I’m much more enamored with the basic version of the UV-1, when configured as a line-level-only preamp and outfitted with a pair of vintage 6SN7s. This modest-looking unit reinforces the adage that you can’t judge a book by its cover. Sonically, the UV-1 occupies the middle ground between vintage and modern tube sound. It abandons absolute neutrality in favor of a bold and assertive midrange replete with wonderful tone-color saturation. You definitely need to give it a serious listen if you’re shopping at the under-$3k price point.


Frequency response (linestage):  2Hz–200kHz, +0 dB, –2dB
Linestage gain: 15dB
Linestage input impedance: 100k ohms
Linestage output impedance: 400 ohms, 2Hz–100kHz
Phonostage input impedance: 47k ohms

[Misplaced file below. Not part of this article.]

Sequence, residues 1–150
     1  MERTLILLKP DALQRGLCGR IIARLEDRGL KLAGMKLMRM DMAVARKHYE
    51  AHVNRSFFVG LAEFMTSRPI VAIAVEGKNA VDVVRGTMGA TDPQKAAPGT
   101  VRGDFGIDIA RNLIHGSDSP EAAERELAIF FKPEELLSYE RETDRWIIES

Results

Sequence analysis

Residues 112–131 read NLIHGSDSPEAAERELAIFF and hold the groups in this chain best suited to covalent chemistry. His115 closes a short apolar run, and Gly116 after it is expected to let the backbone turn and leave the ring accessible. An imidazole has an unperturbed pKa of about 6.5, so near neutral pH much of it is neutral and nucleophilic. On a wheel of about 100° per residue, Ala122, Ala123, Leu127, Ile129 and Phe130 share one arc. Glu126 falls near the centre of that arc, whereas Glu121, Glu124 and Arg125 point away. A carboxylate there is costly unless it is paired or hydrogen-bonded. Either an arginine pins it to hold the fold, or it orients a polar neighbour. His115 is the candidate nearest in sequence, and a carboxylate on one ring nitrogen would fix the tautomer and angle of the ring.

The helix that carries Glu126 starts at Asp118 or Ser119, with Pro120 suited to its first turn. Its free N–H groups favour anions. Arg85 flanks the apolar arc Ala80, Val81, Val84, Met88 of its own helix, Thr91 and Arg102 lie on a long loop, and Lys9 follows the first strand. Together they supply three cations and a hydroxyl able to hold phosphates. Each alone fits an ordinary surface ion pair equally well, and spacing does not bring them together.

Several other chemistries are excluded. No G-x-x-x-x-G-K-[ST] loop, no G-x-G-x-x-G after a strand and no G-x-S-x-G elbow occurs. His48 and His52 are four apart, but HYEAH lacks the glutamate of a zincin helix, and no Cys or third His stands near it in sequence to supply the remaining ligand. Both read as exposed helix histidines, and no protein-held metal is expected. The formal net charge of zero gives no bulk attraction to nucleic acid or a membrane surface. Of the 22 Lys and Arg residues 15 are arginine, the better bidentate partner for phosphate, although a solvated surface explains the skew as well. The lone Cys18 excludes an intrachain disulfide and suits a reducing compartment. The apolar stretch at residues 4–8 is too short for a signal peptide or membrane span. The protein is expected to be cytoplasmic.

Phonostage input overload: 500mV
Phonostage gain: 70dB (low-output moving-coil version)
Phono bandwidth: 5Hz–90kHz, -/+0.5dB 
RIAA accuracy: +/–0.1dB
Dimensions: 15.4″ x 5″ x7.5″
Weight: 7 lbs.
Price: $1900 (line version); $2300 (w/mm phono); $2800 (w/mc phono)

1742 Selby Avenue 
St. Paul, MN 55104
(651) 690-2246

Associated Equipment
Analysis Audio Omega loudspeaker; VTL Manley reference series 200/100 monoblock amplifiers; Kuzma Stabi Reference, Technics SL-10, Revox B795, and Sony PS-X600 turntables; April Music Eximus DP1 DAC; FMS Nexus-2, Wire World, and Kimber KCAG interconnects; Kimber KCAG speaker cable; Monarchy Audio AC-Regenerator; Sound Application power line conditioners

By Dick Olsher

Although educated as a nuclear engineer at the University of Florida, I spent most of my career, 30 years to be exact, employed as a radiation physicist at the Los Alamos National Laboratory, from which I retired in 2008.